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Heterogeneously Integrated Photodiodes on Silicon

Wang, Ye
Thesis/Dissertation; Online
Wang, Ye
Beling, Andreas
High speed, high efficiency and high power photodiodes are key components in digital and analog photonic systems. To fully exploit the benefits of optical systems, high performance photodiodes are needed. Silicon photonics, as a promising enabler for low-cost and high performance passive photonic devices with potential deployment in next generation data center and many other applications, has attracted vast research and funding during the past decade. However, due to the fact that silicon is transparent at telecommunication wavelengths and its indirect bandgap, it is challenging to achieve active devices, such as lasers and photodiodes, out of silicon. One solution is to heterogeneously integrate group III-V materials onto a SOI/silicon platform. The objective of this dissertation is to study and demonstrate high performance photodiodes heterogeneously integrated onto a silicon photonics platform. Chapter 1, 2 and 3 review photodiode fundamentals, heterogeneous integration approaches, optical coupling schemes, and fabrication and characterization techniques. Chapters 4, 5 and 6 focus on device design, fabrication and characterization of molecular bonded waveguide photodiodes. Chapters 7 and 8 describe an alternative bonding process and a waveguide photodiode design using SU8 as adhesive. In my dissertation I demonstrate modified uni-traveling carrier (MUTC) photodiodes with top p-contact heterogeneously integrated on silicon-on-insulator (SOI) nano-waveguides. Single photodiodes have very low dark current of 1 nA and a high bandwidth of up to 65 GHz. At 70 GHz, a record-high RF output power of -2 dBm at 20 mA was measured. Balanced photodiodes of this type reached 20 GHz bandwidth and a CMRR of 20 dB. In Chapter 7, InGaAsP/InP high-power photodiode structure was bonded onto a silicon die using SU8 and surface normal photodiodes were fabricated. These photodiodes have very low dark currents and are similar to photodiodes on native InP substrate. The responsivity was found to be 0.4 A/W, which is close to the calculated value. Based on my findings in Chapter 7, I developed a design of an adhesively integrated high efficiency waveguide photodiode on SOI that promises a bandwidth of up to 160 GHz.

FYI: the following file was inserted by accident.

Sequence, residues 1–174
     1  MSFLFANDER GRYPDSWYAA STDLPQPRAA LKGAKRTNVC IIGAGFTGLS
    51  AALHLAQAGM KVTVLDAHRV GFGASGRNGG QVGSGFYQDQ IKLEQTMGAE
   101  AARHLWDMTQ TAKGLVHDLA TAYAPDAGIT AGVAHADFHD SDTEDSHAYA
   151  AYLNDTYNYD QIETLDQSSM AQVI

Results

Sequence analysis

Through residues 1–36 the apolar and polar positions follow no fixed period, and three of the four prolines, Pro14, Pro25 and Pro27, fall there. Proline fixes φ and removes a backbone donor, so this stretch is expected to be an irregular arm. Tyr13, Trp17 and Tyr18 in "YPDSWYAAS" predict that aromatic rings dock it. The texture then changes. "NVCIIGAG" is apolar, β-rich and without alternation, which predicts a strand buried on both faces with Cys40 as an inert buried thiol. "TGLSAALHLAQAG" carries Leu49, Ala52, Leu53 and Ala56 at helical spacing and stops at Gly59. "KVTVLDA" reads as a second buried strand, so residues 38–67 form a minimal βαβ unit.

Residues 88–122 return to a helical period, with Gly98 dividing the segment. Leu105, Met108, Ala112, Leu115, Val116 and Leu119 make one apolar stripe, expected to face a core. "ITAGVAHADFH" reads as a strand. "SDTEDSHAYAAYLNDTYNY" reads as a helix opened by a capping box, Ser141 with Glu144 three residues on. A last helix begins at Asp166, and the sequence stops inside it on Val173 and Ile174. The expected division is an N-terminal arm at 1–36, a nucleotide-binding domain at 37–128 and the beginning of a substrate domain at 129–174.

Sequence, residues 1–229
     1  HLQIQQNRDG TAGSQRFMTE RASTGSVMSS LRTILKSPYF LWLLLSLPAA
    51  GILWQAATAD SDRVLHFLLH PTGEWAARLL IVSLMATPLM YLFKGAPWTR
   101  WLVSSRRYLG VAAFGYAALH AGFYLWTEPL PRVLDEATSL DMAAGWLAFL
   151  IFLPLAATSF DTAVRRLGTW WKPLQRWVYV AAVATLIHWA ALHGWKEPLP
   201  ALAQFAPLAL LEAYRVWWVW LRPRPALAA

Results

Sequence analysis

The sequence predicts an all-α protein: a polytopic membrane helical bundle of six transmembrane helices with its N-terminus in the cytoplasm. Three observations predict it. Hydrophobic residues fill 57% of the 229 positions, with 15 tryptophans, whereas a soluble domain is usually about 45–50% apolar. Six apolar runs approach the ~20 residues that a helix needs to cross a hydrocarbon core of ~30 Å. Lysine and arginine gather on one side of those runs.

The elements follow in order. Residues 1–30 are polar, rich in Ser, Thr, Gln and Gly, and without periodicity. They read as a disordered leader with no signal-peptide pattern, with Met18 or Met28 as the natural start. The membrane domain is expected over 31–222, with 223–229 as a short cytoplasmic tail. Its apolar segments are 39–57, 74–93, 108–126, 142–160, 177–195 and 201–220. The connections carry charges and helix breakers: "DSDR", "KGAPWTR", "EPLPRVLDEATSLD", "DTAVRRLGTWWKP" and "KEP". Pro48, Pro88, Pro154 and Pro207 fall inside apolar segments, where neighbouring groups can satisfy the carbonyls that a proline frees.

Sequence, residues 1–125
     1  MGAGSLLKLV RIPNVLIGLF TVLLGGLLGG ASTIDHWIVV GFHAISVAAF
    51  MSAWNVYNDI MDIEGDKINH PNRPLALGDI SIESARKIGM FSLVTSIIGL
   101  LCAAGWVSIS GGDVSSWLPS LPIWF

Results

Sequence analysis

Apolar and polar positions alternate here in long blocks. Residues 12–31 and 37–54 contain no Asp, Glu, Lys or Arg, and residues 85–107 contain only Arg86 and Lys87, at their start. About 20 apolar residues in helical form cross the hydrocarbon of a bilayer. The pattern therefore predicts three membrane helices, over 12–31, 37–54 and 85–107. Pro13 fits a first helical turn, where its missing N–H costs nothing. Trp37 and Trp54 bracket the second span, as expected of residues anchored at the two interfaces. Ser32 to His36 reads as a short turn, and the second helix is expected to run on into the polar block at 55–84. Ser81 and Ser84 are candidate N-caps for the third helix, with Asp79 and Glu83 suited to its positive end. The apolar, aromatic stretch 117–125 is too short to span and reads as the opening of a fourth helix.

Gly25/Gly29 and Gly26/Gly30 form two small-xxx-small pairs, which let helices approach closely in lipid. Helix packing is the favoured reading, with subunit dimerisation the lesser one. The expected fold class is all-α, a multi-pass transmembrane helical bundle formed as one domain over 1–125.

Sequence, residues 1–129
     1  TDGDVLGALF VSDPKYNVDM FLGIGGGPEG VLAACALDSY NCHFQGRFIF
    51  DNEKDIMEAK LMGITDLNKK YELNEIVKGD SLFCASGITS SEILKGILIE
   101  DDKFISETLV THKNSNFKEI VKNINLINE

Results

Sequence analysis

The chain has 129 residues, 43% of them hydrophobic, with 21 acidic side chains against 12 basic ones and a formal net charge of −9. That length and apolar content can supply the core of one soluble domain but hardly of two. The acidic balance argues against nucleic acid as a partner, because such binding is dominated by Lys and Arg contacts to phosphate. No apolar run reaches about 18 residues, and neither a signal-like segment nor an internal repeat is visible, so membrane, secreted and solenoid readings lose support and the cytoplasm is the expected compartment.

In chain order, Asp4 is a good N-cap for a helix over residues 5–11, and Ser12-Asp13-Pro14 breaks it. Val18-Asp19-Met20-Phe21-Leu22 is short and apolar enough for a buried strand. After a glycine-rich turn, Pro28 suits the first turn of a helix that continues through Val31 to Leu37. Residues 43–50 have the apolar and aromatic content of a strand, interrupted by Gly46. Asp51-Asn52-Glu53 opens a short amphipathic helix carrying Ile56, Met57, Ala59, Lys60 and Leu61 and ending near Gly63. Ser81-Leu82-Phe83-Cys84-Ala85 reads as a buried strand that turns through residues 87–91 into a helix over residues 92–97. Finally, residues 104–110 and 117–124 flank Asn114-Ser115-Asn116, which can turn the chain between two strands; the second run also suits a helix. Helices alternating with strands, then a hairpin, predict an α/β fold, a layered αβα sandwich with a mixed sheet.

University of Virginia, Department of Electrical Engineering, PHD (Doctor of Philosophy), 2017
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PHD (Doctor of Philosophy)
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